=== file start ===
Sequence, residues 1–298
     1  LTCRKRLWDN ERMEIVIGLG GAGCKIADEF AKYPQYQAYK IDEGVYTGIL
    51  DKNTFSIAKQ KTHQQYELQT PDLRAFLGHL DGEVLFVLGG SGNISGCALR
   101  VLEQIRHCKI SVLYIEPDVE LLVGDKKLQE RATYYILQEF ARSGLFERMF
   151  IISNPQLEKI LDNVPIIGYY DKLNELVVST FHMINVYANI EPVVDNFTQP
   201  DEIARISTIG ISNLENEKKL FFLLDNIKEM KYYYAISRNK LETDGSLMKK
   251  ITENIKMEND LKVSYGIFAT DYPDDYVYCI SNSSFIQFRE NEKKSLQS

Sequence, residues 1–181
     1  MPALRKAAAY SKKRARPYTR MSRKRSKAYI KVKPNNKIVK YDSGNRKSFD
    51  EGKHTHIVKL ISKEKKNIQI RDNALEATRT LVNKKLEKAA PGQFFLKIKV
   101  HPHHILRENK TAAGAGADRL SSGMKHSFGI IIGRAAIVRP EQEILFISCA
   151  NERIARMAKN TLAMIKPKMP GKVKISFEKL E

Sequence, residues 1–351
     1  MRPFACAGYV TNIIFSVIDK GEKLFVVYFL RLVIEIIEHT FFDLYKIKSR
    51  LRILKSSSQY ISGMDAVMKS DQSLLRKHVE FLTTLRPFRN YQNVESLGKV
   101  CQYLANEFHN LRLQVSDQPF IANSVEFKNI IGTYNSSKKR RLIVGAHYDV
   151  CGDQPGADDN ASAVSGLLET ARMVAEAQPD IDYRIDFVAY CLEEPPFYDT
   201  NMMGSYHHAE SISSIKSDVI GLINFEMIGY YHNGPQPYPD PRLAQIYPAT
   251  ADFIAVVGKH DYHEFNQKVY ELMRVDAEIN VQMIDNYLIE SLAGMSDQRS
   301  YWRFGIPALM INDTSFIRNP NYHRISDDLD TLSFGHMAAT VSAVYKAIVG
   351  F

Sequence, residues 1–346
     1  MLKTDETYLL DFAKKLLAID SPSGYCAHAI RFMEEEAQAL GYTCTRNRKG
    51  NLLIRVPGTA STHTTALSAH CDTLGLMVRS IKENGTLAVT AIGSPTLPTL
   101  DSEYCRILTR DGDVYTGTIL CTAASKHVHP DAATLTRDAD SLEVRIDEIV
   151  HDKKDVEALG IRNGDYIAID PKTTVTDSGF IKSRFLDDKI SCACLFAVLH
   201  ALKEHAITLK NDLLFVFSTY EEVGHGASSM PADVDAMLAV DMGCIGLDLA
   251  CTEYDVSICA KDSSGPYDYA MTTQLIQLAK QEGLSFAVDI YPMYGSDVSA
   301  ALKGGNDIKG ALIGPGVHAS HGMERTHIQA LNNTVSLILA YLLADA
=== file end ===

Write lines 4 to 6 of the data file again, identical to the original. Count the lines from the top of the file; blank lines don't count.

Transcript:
   101  VLEQIRHCKI SVLYIEPDVE LLVGDKKLQE RATYYILQEF ARSGLFERMF
   151  IISNPQLEKI LDNVPIIGYY DKLNELVVST FHMINVYANI EPVVDNFTQP
   201  DEIARISTIG ISNLENEKKL FFLLDNIKEM KYYYAISRNK LETDGSLMKK